The U.K.'s Houses of Parliament were hit with a cyberattack Friday evening consisting of "unauthorized attempts to access parliamentary user accounts," a representative of Parliament said Saturday. Members of Parliament were informed of the situation Friday night when they had difficulty accessing their email accounts remotely.
"We are continuing to investigate this incident and take further measures to secure the computer network," the representative said. "We have systems in place to protect member and staff accounts and are taking the necessary steps to protect our systems."
It is unclear how many MPs were affected or who is responsible for the attack. Bonnie Kristian
Horrifying report describes extreme torture methods at prisons where American troops interrogate suspected militants
Senior U.S. defense officials admitted that American troops have been involved in the interrogation of suspected al Qaeda militants in Yemen where horrific, extreme torture is reported to take place in more than a dozen secret prisons, The Associated Press reports. The American officials "denied any participation in or knowledge of human rights abuses," AP adds.
Hundreds — perhaps thousands — of men are held in the prison network, which is run by Yemeni forces and by the United Arab Emirates. The Associated Press' report is based off of interviews with 10 former detainees as well as officials in the Yemeni government and military. No one interviewed by AP said Americans were involved directly in the torture of prisoners, although a Yemeni officer recalled at least two detainees being brought to American "polygraph" and "psychological" experts for interrogations, an accusation U.S. officials have denied.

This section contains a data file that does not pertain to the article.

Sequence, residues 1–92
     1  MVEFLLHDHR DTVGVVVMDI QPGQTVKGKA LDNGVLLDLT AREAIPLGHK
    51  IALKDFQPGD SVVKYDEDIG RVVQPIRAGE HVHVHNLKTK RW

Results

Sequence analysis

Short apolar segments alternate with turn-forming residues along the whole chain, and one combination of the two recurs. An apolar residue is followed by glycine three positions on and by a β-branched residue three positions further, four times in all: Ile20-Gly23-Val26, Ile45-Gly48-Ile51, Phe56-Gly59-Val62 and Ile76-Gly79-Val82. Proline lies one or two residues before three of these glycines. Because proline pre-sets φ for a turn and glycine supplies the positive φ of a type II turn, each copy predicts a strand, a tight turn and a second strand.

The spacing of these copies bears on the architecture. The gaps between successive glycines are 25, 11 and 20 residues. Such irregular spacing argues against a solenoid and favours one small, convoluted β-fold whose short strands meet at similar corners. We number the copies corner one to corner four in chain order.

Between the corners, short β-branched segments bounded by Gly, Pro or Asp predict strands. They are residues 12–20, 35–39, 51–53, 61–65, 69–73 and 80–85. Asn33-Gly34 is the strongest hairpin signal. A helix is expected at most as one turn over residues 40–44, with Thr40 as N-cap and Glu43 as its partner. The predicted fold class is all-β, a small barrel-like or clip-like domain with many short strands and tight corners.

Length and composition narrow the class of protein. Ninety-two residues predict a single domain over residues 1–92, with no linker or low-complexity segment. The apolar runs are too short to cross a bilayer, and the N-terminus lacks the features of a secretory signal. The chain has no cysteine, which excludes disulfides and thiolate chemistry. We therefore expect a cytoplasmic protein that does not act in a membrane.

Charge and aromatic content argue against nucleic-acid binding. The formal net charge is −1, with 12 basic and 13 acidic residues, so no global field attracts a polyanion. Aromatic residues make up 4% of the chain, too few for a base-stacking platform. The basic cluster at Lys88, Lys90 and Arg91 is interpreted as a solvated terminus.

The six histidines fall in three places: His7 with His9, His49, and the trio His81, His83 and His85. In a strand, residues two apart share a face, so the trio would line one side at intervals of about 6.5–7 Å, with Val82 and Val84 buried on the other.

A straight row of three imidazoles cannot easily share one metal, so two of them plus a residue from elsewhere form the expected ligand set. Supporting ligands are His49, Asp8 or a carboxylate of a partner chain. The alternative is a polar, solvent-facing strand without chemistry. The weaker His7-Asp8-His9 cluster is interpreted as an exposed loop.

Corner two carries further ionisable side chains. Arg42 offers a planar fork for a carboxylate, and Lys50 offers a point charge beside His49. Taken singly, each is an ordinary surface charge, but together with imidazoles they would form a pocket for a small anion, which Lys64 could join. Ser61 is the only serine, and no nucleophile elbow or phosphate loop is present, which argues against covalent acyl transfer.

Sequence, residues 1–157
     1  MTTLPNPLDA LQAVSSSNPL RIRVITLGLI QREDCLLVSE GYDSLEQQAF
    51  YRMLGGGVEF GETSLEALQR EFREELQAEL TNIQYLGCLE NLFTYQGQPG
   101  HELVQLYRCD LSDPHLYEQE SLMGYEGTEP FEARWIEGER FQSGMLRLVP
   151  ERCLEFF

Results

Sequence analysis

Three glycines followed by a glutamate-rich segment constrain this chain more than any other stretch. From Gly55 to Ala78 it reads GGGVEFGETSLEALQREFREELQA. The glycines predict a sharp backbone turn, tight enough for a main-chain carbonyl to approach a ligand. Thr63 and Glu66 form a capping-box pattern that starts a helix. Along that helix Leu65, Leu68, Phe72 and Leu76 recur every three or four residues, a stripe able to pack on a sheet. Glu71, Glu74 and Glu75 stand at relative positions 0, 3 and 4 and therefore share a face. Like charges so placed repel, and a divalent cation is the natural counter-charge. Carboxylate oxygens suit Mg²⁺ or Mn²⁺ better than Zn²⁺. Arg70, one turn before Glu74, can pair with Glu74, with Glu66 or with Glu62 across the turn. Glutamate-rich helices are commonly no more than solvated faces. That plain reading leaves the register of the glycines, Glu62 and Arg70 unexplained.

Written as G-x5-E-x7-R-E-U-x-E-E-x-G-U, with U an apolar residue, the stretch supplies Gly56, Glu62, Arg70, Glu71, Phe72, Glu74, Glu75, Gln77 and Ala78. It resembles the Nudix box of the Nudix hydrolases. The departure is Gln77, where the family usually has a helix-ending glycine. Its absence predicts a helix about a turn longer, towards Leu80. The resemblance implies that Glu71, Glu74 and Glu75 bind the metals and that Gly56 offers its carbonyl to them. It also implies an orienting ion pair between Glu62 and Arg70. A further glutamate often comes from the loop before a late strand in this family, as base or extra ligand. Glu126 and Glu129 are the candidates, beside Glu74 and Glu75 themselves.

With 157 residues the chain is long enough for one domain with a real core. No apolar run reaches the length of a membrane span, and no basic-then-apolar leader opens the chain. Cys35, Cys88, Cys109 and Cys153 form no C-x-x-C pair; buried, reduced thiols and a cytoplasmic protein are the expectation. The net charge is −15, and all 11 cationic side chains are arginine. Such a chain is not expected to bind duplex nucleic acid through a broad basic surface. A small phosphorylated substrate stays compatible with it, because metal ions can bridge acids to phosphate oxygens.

The account of torture in the prisons is extremely disturbing:
At one main detention complex at Riyan airport in the southern city of Mukalla, former inmates described being crammed into shipping containers smeared with feces and blindfolded for weeks on end. They said they were beaten, trussed up on the "grill" [in which "the victim is tied to a spit like a roast and spun in a circle of fire"] and sexually assaulted. According to a member of the Hadramawt Elite, a Yemeni security force set up by the UAE, American forces were at times only yards away. [...]
"We could hear the screams," said a former detainee held for six months at Riyan airport. "The entire place is gripped by fear. Almost everyone is sick, the rest are near death. Anyone who complains heads directly to the torture chamber." [The Associated Press]
In response to the AP report, chief Defense Department spokeswoman Dana White said: "We always adhere to the highest standards of personal and professional conduct. We would not turn a blind eye, because we are obligated to report any violations of human rights." Read the full findings here. Jeva Lange